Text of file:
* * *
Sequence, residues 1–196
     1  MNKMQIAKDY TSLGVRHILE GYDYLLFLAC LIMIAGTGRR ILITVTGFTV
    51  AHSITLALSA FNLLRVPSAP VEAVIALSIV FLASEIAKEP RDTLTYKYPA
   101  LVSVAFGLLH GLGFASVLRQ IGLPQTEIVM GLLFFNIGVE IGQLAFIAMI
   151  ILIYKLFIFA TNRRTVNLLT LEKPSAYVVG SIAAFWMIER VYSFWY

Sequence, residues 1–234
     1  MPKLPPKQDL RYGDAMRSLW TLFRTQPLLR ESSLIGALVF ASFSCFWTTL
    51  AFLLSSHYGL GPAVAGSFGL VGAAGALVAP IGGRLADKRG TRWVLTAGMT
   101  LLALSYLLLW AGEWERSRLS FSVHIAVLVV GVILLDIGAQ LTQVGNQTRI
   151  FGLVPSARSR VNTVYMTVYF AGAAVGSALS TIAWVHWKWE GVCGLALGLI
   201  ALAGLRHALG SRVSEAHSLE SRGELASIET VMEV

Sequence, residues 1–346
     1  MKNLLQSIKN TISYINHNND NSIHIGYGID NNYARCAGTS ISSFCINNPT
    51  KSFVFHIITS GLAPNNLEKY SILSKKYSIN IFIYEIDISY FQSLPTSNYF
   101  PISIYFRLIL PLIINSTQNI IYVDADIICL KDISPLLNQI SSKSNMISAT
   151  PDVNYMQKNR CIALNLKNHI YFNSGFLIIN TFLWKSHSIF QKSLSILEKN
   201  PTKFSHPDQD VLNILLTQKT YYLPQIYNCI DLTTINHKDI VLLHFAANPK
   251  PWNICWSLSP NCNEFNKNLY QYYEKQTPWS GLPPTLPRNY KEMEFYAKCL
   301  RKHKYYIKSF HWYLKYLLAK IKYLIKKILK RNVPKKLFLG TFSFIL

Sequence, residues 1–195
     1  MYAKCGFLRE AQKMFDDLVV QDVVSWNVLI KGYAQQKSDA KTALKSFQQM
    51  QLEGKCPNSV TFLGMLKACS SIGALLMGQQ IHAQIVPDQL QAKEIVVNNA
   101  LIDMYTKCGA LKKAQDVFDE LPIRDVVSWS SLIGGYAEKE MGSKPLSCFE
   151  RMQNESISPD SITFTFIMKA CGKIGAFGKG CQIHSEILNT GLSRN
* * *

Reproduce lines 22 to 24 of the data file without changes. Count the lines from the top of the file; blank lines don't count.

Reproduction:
    51  QLEGKCPNSV TFLGMLKACS SIGALLMGQQ IHAQIVPDQL QAKEIVVNNA
   101  LIDMYTKCGA LKKAQDVFDE LPIRDVVSWS SLIGGYAEKE MGSKPLSCFE
   151  RMQNESISPD SITFTFIMKA CGKIGAFGKG CQIHSEILNT GLSRN